New Orleans Man Gets 10 Years In Prison For Race-Motivated Post-Katrina Shooting
A New Orleans man who shot three young African-American men while shouting racial slurs in the aftermath of Hurricane Katrina was sentenced Thursday to 10 years in federal prison.
Roland Bourgeois Jr., 55, who is white, was also sentenced to five years of supervised release on charges that he had racially targeted the men who were attempting to evacuate from the hurricane zone in 2005.
"Today's sentencing brings closure to this race-motivated shooting that occurred over 13 years ago, in the wake of Hurricane Katrina," said Assistant Attorney General Eric Dreiband in a statement.
According to the statement, Bourgeois and other men of the Algiers Point neighborhood banded together to keep African-Americans out of their vicinity. They used fallen trees to barricade the streets near their homes and launched armed patrols.
The statement adds,
"On Sept. 1, 2005, three young African-American men – D.H., M.A., and C.C. – walked to Algiers Point in an effort to reach the ferry landing, a site that state and federal agencies were using as an evacuation point. When the three men crossed a barricade constructed by Bourgeois and others, Bourgeois opened fire with a shotgun, wounding all three men. After the men fled, Bourgeois boasted that he had 'got one' and pledged to 'kill that [racial slur]' if the man had survived. Bourgeois warned one of his neighbors: 'Anything coming up this street darker than a brown paper bag is getting shot.'"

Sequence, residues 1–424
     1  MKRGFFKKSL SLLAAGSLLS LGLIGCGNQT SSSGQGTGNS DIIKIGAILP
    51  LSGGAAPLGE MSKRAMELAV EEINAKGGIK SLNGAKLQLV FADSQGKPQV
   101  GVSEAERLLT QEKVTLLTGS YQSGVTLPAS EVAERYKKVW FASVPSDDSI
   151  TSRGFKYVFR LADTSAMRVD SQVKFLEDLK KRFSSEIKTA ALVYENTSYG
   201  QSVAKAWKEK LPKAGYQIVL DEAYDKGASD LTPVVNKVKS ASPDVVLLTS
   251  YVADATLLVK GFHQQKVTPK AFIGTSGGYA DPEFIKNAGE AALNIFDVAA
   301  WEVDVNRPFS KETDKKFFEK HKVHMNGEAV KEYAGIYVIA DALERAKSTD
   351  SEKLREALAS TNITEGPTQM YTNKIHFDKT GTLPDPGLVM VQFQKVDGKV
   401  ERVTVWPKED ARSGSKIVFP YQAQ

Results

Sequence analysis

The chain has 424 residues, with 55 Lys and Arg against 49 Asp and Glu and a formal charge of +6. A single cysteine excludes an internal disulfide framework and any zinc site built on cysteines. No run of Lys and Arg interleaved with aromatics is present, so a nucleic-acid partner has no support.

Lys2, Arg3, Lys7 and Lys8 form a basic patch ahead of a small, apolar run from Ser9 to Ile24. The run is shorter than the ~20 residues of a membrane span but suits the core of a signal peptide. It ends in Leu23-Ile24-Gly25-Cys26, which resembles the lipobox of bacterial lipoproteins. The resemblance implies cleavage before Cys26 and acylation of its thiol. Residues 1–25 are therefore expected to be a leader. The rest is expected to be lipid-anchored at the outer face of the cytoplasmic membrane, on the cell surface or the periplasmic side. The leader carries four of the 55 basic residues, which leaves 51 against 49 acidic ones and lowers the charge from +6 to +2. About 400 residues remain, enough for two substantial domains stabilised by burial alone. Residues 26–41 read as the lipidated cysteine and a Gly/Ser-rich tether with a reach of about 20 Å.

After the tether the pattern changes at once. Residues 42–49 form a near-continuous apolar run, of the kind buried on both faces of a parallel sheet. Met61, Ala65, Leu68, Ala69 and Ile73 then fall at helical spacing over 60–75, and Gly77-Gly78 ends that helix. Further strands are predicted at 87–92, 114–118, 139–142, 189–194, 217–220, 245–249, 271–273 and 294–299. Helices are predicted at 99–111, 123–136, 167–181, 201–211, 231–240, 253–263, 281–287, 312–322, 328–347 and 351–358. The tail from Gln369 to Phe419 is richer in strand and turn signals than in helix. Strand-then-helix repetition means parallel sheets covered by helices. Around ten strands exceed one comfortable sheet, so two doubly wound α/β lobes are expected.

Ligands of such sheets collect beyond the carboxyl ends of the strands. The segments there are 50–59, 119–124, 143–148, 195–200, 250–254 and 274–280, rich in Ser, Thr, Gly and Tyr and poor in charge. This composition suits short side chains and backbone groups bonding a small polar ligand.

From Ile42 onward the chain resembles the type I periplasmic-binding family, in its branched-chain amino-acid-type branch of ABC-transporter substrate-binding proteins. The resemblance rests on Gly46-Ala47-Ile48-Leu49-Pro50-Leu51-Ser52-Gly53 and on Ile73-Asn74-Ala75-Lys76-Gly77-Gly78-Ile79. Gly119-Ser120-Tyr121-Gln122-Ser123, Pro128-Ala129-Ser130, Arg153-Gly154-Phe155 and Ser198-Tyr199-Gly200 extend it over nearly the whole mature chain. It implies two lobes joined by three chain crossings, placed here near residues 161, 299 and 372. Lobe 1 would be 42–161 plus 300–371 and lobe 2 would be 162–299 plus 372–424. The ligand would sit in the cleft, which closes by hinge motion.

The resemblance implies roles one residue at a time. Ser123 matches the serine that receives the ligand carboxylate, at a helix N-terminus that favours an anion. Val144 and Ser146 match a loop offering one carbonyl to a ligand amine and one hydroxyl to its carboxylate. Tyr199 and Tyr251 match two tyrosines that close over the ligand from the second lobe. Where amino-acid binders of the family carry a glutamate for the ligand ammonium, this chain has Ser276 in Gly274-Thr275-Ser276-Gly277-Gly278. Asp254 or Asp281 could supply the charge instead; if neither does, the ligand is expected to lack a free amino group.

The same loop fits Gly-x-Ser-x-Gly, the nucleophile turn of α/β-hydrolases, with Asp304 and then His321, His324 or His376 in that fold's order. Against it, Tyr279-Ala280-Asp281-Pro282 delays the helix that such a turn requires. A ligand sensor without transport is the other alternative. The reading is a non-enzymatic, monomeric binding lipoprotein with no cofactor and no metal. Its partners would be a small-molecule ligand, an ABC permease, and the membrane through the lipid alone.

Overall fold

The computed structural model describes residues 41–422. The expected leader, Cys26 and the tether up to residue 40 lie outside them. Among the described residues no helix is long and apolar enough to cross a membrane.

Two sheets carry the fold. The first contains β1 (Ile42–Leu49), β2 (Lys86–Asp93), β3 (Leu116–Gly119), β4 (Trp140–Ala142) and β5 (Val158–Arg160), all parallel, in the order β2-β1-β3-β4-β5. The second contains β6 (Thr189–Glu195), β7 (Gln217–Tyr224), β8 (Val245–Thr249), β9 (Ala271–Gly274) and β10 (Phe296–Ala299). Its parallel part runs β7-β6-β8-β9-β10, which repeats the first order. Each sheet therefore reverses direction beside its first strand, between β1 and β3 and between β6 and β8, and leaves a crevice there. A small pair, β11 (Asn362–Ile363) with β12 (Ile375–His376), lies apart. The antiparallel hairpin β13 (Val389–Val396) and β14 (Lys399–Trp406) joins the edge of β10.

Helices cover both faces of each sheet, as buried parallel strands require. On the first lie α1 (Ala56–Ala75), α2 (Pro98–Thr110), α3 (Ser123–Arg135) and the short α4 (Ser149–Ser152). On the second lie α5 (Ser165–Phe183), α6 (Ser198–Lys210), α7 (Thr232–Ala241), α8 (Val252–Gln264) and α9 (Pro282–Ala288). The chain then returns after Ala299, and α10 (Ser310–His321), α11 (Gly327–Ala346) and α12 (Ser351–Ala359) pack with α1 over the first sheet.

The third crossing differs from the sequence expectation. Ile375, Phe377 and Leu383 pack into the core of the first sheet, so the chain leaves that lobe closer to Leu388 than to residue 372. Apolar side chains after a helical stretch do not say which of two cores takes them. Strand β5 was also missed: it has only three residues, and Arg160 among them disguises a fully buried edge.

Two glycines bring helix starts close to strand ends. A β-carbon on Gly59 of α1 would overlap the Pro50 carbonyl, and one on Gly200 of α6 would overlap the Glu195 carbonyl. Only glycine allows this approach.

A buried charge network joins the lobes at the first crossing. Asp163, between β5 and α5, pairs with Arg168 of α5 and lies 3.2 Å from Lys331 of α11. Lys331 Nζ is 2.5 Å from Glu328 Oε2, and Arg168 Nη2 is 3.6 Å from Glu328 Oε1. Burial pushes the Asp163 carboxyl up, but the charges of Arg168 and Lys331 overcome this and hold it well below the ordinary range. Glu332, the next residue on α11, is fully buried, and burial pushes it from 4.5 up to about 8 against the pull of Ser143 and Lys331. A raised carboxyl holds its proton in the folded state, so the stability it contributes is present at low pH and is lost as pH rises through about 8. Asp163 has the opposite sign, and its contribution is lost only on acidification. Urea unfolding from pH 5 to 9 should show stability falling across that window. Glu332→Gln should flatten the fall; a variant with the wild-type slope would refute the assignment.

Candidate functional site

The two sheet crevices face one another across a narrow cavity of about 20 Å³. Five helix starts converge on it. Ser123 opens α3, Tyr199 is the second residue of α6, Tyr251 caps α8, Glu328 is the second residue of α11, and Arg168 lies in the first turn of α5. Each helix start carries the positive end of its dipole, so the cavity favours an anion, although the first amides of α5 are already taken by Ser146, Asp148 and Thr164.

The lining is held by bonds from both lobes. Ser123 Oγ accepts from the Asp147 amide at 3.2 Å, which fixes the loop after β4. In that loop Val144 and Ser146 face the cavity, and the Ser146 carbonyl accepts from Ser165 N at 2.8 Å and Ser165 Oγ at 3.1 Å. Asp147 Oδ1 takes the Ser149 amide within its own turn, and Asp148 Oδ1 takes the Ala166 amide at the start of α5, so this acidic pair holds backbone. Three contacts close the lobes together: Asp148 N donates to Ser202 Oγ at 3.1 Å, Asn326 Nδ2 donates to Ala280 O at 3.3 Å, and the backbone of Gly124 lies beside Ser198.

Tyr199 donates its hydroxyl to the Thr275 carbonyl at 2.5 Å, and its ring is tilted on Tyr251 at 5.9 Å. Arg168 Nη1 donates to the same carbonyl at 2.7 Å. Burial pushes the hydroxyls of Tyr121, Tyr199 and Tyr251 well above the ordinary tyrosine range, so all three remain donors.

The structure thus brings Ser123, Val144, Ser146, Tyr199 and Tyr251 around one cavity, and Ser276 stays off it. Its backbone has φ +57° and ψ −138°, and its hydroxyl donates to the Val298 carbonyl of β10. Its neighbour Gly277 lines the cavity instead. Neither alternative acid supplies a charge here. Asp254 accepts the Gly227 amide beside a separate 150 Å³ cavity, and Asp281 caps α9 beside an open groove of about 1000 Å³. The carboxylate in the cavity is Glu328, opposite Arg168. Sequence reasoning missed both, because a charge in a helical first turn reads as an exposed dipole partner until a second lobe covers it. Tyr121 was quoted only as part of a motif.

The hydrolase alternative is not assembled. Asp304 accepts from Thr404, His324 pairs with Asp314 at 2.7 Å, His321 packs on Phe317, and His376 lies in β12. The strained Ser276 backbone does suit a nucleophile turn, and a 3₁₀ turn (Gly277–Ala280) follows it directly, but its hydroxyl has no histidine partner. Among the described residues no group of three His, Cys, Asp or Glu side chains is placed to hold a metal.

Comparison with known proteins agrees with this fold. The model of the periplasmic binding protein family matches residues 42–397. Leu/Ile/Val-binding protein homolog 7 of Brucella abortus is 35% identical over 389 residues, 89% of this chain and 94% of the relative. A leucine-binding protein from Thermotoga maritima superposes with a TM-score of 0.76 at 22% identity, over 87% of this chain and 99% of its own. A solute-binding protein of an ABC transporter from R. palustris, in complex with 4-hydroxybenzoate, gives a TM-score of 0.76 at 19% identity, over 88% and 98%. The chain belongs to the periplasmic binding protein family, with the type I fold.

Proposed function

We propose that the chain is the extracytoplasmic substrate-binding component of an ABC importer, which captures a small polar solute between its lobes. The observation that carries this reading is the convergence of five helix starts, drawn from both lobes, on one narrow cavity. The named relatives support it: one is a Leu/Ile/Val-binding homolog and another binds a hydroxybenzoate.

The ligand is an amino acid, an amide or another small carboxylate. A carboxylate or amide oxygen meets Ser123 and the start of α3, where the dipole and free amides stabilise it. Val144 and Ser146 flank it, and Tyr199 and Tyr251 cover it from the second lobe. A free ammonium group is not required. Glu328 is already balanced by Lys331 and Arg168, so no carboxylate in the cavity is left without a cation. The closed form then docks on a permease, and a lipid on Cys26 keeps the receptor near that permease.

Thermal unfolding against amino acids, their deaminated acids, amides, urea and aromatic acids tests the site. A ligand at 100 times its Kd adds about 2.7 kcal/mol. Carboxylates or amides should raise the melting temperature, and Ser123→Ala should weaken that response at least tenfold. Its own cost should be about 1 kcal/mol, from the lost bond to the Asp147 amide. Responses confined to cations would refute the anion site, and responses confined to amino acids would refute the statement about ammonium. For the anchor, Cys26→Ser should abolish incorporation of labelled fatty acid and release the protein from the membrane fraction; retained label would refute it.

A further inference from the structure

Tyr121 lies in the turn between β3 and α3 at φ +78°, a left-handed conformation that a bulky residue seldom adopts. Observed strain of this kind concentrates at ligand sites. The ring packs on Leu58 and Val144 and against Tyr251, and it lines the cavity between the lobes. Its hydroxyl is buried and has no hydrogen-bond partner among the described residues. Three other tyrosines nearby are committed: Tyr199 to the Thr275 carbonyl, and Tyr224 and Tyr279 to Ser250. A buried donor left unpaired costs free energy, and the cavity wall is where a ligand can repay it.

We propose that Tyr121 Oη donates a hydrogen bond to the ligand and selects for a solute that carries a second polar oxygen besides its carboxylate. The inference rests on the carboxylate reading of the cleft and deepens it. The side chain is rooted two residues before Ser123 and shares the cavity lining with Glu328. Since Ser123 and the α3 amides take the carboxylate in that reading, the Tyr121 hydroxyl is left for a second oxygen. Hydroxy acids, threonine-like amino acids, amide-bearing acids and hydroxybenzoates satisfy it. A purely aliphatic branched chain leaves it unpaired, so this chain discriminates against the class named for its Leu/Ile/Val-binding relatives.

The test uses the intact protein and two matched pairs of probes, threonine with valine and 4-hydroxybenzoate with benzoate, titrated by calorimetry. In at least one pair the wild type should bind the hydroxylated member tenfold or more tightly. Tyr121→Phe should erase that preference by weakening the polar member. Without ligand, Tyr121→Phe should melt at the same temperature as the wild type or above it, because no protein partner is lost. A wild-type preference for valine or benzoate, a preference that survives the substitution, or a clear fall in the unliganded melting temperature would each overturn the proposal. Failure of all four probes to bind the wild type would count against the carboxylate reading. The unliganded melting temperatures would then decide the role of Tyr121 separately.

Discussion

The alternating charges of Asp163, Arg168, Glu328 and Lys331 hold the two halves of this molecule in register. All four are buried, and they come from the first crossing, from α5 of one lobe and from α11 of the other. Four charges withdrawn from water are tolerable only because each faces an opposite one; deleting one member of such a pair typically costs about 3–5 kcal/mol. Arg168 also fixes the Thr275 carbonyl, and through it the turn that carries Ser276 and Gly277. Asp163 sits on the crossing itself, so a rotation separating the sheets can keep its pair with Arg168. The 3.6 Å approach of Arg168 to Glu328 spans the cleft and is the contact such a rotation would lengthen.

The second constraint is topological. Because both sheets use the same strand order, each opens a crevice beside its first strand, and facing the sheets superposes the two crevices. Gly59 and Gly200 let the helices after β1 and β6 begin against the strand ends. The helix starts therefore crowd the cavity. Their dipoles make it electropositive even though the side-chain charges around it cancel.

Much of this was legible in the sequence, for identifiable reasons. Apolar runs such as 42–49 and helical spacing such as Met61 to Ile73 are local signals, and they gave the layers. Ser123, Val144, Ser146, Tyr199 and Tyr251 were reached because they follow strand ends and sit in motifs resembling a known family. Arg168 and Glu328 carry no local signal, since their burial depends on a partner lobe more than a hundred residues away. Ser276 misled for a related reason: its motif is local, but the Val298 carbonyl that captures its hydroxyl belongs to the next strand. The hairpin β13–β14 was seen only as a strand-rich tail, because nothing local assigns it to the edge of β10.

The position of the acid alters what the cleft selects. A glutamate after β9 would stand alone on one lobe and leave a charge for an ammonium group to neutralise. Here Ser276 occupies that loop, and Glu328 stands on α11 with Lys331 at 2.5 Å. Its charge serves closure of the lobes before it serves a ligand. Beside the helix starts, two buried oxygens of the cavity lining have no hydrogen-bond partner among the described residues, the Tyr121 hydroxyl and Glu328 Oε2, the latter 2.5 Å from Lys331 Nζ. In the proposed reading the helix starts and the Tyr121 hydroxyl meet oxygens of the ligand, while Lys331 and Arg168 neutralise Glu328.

Bourgeois was first charged in 2010 in a five-count indictment for firearms and civil rights violations, but was repeatedly found incompetent to stand trial due to his physical and mental health.
Last year he was declared competent to stand trial and, in October, he pleaded guilty to two federal charges: interference with rights and use of a firearm in relation to a crime of violence.
Boureois' defense attorney, Valerie Welz Jusselin, argued for a lighter sentence. Citing her client's frail health, she said in the chaotic period after Katrina, fear and confusion in New Orleans was common and that even police believed they were enforcing martial law.
But federal prosecutor Mary Hahn characterized Bourgeois' actions as "a premeditated attempt to kill."
The case is the last high-profile legal actions connected the violence and chaos following Katrina. In 2016, four former New Orleans police officers received prison terms of 7 to 12 years for the shootings of six unarmed civilians on the Danziger Bridge.
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